| Sarah Platanitis, MassLive
While the eagerly awaited season for team Do-It-Yourself has officially arrived, there are important things to consider before transforming a room with a fresh coat of paint.
“Buying the wrong paint, picking the wrong colors, cutting corners and not having enough materials or tools are the most common mistakes that DIYers make,” said Andrew Raker, president of Clark Paint Factory in West Springfield.
Raker knows paint. Every day he carries on the tradition of his family’s paint-making business that started in 1945 when his grandfather, Milford Raker, purchased the Clark Paint & Varnish Co., which had been founded by Fred Clark in 1928.
“We can definitely guide you on how to paint your own home,” said Raker, proud that the company his grandfather purchased continues to make its own brand.
The store, known by many shoppers for its custom wood stain matching, makes its own interior and latex line and carries consumer and commercial paint lines including Benjamin Moore, Pittsburgh Paint, Pratt & Lambert, Cabot Stains and Insl-X.
“It may be hard to justify an expensive $56 gallon or two when you’re on a budget, but purchasing premium paint can actually save you money,” said Raker.
“A gallon of high-quality paint will cover a room in one coat for most colors and two coats for reds and yellows. Cheap paint may cost less, but it usually takes three coats to do the job. Considering labor and materials, it’s a huge savings in the long run.”
Raker said qualities to look for in a tint are how well it covers a wall and ease of application. He said a high durability rating is important for those who anticipate having to scrub away stray marks or a child’s crayon masterpieces.
Worried about the noticeability of brush marks that are left behind? Ask about a paint’s leveling properties.
“Better quality paints are usually self-priming and mildew resistant. We sell more ‘green’ acrylics now than ever because they are more environmentally friendly and have lower VOCs,” said Raker, referring to harmful volatile organic compounds that can exist in paints that are now regulated by the federal government.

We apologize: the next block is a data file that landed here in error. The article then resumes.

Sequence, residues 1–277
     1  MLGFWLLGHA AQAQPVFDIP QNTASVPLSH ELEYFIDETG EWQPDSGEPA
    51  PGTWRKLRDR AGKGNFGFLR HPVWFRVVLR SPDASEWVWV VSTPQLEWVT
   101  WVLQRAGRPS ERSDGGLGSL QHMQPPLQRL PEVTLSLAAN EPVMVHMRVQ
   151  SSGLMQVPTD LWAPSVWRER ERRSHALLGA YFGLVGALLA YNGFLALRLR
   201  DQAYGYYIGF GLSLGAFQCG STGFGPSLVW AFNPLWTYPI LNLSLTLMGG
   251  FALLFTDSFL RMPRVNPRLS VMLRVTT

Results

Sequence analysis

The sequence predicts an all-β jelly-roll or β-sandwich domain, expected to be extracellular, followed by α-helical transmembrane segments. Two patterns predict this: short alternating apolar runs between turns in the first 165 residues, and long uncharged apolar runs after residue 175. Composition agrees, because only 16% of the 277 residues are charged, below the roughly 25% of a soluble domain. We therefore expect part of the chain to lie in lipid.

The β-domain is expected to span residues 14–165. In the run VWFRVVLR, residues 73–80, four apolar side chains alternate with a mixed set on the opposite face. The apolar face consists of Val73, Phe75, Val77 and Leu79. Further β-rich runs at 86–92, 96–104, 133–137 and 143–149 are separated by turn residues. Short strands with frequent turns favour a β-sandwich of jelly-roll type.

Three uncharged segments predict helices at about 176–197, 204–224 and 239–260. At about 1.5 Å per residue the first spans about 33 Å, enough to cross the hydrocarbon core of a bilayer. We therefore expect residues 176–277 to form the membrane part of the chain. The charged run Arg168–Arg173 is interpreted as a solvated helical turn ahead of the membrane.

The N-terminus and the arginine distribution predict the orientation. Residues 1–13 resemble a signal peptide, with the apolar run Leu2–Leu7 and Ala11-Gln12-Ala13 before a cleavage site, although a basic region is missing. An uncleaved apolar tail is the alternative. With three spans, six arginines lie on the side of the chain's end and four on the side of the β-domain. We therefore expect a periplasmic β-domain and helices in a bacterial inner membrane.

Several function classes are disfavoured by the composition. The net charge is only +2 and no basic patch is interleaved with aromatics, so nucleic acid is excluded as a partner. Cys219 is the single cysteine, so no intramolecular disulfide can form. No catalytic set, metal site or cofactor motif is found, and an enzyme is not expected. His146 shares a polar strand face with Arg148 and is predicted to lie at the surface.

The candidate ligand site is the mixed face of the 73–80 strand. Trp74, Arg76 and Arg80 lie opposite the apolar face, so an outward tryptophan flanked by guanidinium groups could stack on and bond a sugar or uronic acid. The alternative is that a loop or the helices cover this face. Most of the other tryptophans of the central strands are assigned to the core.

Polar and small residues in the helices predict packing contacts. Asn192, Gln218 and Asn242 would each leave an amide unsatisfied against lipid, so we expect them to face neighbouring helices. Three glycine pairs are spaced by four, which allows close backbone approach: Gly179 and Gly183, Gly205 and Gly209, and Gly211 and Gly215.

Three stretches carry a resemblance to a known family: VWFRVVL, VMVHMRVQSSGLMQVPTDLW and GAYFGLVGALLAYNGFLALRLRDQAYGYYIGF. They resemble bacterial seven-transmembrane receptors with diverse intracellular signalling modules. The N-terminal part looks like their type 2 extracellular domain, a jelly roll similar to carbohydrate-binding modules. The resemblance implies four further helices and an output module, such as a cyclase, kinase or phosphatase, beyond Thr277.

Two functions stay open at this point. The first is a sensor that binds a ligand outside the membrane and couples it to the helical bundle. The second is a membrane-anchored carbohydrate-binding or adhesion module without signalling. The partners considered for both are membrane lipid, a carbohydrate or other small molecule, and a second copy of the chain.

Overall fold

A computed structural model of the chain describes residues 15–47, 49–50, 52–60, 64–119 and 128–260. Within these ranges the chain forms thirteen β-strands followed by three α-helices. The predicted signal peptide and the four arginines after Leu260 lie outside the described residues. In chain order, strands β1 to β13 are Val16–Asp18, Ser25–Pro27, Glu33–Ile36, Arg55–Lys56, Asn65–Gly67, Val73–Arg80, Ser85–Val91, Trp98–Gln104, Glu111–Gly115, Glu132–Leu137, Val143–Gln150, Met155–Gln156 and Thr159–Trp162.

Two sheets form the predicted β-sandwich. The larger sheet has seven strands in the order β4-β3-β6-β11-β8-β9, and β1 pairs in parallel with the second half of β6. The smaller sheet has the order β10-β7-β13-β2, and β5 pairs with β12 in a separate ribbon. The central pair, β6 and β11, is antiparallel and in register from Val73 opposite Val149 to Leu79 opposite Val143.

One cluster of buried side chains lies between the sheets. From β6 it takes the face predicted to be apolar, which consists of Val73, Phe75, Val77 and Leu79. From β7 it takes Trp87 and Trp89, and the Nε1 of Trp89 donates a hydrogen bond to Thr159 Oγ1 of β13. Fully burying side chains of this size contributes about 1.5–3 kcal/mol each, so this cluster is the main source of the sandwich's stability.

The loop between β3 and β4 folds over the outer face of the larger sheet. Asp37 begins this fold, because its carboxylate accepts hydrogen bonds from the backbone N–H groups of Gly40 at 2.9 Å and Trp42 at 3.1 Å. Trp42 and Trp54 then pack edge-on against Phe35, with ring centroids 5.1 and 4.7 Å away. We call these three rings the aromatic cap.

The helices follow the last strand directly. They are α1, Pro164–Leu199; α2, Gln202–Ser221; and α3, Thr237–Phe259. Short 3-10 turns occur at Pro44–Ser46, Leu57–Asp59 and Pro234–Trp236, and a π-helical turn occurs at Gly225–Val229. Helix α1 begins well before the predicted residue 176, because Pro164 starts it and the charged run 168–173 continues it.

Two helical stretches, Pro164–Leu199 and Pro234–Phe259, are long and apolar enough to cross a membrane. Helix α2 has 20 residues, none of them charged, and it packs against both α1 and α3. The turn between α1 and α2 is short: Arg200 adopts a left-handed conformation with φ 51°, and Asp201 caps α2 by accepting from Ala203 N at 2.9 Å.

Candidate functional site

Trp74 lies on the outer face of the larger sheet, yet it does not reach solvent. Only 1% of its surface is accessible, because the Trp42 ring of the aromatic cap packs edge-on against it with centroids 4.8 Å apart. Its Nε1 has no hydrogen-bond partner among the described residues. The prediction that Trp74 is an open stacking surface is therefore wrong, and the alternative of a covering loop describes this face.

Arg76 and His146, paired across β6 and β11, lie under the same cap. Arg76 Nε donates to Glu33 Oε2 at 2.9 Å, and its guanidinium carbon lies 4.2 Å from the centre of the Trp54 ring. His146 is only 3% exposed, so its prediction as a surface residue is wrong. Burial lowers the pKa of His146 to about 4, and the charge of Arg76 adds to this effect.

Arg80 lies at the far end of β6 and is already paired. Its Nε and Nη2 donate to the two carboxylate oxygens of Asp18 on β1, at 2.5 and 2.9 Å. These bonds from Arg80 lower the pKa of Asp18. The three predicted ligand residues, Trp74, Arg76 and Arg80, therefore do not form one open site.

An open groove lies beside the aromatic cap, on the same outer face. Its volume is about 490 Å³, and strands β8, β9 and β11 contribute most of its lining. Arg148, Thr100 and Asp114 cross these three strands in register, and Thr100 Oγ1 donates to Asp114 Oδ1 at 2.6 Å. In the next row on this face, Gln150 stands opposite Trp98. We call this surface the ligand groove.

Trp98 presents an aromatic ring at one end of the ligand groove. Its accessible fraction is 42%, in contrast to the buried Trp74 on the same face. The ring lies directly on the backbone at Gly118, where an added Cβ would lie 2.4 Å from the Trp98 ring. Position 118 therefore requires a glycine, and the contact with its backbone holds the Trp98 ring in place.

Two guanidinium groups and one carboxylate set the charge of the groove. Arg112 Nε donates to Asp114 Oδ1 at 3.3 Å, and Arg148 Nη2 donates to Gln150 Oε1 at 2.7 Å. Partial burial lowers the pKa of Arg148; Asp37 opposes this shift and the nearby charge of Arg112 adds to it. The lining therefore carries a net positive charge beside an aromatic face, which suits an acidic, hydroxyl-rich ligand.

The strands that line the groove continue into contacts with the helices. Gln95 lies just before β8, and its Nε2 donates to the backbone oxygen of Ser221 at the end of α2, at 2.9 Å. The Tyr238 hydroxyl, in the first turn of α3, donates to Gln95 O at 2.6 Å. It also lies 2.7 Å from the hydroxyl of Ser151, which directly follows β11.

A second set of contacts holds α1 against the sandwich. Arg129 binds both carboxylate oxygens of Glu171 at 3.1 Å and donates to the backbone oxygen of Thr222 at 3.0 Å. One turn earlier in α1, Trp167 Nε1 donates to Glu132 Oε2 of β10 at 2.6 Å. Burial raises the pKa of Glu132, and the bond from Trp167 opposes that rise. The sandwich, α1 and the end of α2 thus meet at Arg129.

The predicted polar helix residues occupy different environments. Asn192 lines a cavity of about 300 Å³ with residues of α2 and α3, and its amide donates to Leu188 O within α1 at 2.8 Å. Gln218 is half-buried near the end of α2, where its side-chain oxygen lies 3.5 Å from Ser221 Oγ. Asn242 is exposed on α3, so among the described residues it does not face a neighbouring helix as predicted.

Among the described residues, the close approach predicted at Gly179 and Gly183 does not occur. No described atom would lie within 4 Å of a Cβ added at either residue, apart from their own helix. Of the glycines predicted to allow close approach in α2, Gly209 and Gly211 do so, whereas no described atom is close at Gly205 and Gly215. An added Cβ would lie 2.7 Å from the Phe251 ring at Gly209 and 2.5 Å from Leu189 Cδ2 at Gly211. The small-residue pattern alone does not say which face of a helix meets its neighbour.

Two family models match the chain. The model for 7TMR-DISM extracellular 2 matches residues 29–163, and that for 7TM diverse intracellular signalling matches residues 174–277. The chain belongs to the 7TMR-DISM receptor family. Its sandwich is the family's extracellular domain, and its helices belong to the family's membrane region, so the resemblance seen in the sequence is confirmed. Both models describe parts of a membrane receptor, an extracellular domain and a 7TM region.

Sampling programs and high-tech websites may have shifted paint buying habits in last few years, but picking the wrong color is still good cause for anxiety.
“Color looks totally different in the store than at home. Magazine photos and manufacturer websites with suggested color schemes are just a great place to start,” said Raker, remarking how most people end up back with their first color after consulting with friends and family and seeing a myriad of hues that they don’t like.
“It’s key to have the same people mix the same colors for consistency. We have a computer that tracks colors and high tech tinting equipment versus the old pump style,” he said.
Raker said his factory’s oddest color match was when his mother was asked to match Robert Goulet’s violet-blue eye color after he performed in West Springfield.
Raker also noted the importance of good tools for DIYers in maximizing the paint’s application. A good roller cover or fine bristle brush can help apply paint smoothly. Painters tape and an edge guide, as well as good lighting, can save on headaches.
“You want to avoid having to run out so make sure you have everything that you need. You can always return what you don’t use,” said Raker, who recommends having enough fillers, putty, sandpaper and scrapers on hand to make surface prep and patch-ups a breeze.
Marie Crane-Yvon, an interior decorator and painter from Westfield who frequents Clark Paint Factory, sees “refreshing” color trends for spring 2012, such as Wilmington tan, greens, golds and warm gray-blues.
“Benjamin Moore has a new line called Color Stories with paints that are made of four to five pigments, each from palettes and complementary colors. The colors are moody and they tend to play with the light in the room in a different way so a golden brown couch will pull those colors from the wall,” she said.
Historical colors, or the fashionable colors from decades past, are always popular choices. By tradition, they are also made with multiple pigments to add dimension and depth to a room or house exterior.
“A thimbleful is a bucketful. I love a sunny bright yellow kitchen, but picking the darkest tint on the paint chip would be almost too intense. Go lighter on the walls. If you love bright canary yellow, it’d be great for a towel or cushion. It’s the same with reds, too,” Crane-Yvon said.
“When you play it safe on your walls, you can have fun with your accessories and not feel like you have to take the room apart. You don’t want to paint for spring, you paint for the whole year, then decorate for spring,” she said.
So, DIYers, consider this: a well-chosen color, like a pair of khakis, can go with anything. And a top-quality paint can make a home look like a million bucks.
To learn more about Clark Paint Factory, 966 Union St., West Springfield, visit www.clarkpaint.com or call (413) 733-3554.
For more information about Crane-Yvon Interiors, visit www.crane-yvon.com or call (413) 977-1121.
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